Woolton pie

Woolton pie is a pastry dish of vegetables, widely served in Britain in the Second World War when rationing and shortages made other dishes hard to prepare. The recipe was created by François Latry,[1] Maître Chef des Cuisines at the Savoy Hotel in London,[2][3] and appeared on the Savoy menu as "Le Lord Woolton Pie".[4] It was one of a number of recipes commended to the British public by the Ministry of Food to enable a nutritious diet to be maintained despite shortages and rationing of food, especially meat.[5] It was named after Frederick Marquis, 1st Earl of Woolton (1883–1964), who promoted the recipe after he became Minister of Food in 1940.


The recipe involved dicing and cooking potatoes (or parsnips), cauliflower, carrots and possibly turnip. Other vegetables were added where available. Rolled oats and chopped spring onions were added to the thickened vegetable water which was poured over the vegetables themselves. The dish was topped with potato or wheatmeal pastry and served with vegetable gravy. The content of the pie filling could easily be altered to include whatever vegetables were in season at the time.[6][7][8]


The British Minister for Food between April 1940 and 11 November 1943, Lord Woolton, receiving a cup of tea from a mobile canteen

People realised that meat was in very scarce supply, but that still did not overcome traditions of meat pies. Woolton pie, entirely lacking meat, was not universally well received. An editorial in The Times commented:[9]

When Woolton pie was being forced on somewhat reluctant tables, Lord Woolton performed a valuable service by submitting to the flashlight camera at public luncheons while eating, with every sign of enjoyment, the dish named after him.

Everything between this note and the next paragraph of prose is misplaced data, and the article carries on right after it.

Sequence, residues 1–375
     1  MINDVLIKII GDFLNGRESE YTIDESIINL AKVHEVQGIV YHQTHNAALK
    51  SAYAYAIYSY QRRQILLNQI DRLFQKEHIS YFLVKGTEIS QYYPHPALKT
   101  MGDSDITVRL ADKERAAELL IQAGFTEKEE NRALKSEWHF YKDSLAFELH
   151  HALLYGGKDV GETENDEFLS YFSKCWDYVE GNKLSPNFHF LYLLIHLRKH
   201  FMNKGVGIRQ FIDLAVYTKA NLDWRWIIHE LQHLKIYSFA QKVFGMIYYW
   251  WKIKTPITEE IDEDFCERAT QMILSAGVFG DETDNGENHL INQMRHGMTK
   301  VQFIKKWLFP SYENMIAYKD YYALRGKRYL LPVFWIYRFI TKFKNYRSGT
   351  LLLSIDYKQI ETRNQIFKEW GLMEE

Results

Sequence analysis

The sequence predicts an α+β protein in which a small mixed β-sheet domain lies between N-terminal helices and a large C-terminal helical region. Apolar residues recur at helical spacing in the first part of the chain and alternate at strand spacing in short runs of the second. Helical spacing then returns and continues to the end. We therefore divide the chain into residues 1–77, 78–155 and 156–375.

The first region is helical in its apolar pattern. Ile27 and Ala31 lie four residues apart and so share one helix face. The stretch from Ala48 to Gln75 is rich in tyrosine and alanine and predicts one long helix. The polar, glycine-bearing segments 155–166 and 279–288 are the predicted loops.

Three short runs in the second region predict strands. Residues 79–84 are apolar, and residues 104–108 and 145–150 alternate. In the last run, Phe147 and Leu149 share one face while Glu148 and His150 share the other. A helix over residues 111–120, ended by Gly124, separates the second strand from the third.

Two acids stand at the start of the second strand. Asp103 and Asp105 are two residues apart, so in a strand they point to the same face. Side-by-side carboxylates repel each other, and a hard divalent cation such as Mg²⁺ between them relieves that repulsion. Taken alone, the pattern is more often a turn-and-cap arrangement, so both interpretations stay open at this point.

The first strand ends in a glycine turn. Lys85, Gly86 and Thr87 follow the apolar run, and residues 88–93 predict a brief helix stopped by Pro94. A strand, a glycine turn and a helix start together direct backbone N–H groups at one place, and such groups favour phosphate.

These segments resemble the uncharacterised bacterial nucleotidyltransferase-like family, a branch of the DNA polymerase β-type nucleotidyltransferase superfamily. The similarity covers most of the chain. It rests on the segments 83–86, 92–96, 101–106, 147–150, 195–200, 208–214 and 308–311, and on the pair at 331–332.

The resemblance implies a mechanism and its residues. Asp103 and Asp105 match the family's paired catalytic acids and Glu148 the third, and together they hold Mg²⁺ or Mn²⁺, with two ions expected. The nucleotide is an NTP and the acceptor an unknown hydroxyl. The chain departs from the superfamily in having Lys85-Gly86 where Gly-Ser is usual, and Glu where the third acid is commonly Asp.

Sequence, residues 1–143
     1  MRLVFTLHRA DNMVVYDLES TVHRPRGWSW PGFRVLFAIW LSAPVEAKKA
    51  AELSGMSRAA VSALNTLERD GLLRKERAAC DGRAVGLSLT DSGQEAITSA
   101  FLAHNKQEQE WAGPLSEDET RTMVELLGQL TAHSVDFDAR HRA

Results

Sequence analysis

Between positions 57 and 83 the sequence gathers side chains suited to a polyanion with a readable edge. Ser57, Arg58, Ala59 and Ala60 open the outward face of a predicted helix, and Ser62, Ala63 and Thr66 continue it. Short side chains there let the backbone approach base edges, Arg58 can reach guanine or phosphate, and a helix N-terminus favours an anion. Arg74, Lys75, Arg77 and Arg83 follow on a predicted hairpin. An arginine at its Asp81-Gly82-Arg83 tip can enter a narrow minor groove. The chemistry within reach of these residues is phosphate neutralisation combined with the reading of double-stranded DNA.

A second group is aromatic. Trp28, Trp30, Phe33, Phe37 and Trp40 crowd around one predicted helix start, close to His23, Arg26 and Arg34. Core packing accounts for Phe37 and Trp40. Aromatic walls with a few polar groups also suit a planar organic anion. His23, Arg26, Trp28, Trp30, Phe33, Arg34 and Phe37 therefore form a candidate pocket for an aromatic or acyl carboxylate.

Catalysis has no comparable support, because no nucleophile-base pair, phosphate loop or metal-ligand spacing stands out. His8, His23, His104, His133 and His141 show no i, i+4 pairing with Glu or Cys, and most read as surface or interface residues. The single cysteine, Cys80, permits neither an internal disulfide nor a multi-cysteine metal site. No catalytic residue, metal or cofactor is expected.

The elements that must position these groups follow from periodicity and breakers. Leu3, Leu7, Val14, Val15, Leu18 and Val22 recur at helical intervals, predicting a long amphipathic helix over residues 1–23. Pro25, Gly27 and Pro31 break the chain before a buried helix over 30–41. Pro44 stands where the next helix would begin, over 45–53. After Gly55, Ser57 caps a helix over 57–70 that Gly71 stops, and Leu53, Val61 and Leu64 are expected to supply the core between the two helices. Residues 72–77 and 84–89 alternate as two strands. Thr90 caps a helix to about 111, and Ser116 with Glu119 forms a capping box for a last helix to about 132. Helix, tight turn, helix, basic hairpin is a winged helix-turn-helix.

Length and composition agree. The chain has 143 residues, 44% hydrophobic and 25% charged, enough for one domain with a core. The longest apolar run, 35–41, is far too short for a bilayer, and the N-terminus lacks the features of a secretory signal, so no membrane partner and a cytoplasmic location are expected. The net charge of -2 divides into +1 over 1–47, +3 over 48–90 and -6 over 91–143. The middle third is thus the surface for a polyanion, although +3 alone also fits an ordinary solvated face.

Professor John Fuller has noted that Woolton pie and similar wartime austerity dishes "were forgotten as quickly as possible when conditions returned to normal"[10] One notable exception is carrot cake which, while not invented during the war, was popularised in the United Kingdom then because it used the widely available root vegetable in place of some of the scarce flour, fat and sugar found in other cakes.[11]


The recipe for Woolton pie has been published on a number of occasions since the war, notably in collections to mark significant anniversaries, e.g. Marguerite Patten's (1985) We'll Eat Again, marking the 40th anniversary of the end of the war in Europe.

See also



  1. ^ "François Latry". Cook's Info. Retrieved 23 January 2024.
  2. ^ Sweet, Matthew (2011). The West End Front. Faber and Faber. pp. 126–127. ISBN 9780571234776.
  3. ^ "Woolton pie creator dies", The Times, London, 17 August 1966, p. 1.
  4. ^ Briggs, Susan (1976). Keep Smiling Through. Fontana. pp. 158–159. ISBN 0006343171.
  5. ^ Fussell (1989), p. 202
  6. ^ Minns, Raynes (1999). Bombers & Mash. Virago. p. 118. ISBN 9781860497940.
  7. ^ Hughes, Glyn. "Woolton Pie". The Foods of England project. Retrieved 23 January 2024.
  8. ^ Megan Westley (2013). Living on the Home Front. Amberley Publishing Limited. p. 127. ISBN 9781445635415. Retrieved 29 June 2018.
  9. ^ "An Ounce of Practice", The Times, London, 23 September 1944, p. 5.
  10. ^ "Vegetables failing to please".The Times, London, 7 January 1970, p. 4.
  11. ^ Paul Barfoot. "Cracking carrot cake: a brief history and a foolproof recipe for carrot cake victory". BBC Lifestyle. Archived from the original on 18 June 2011. Retrieved 3 February 2017.


  • Fussell, Paul (1989), Wartime: Understanding and Behavior in the Second World War, Oxford University Press, ISBN 978-0-19-976331-3

Further reading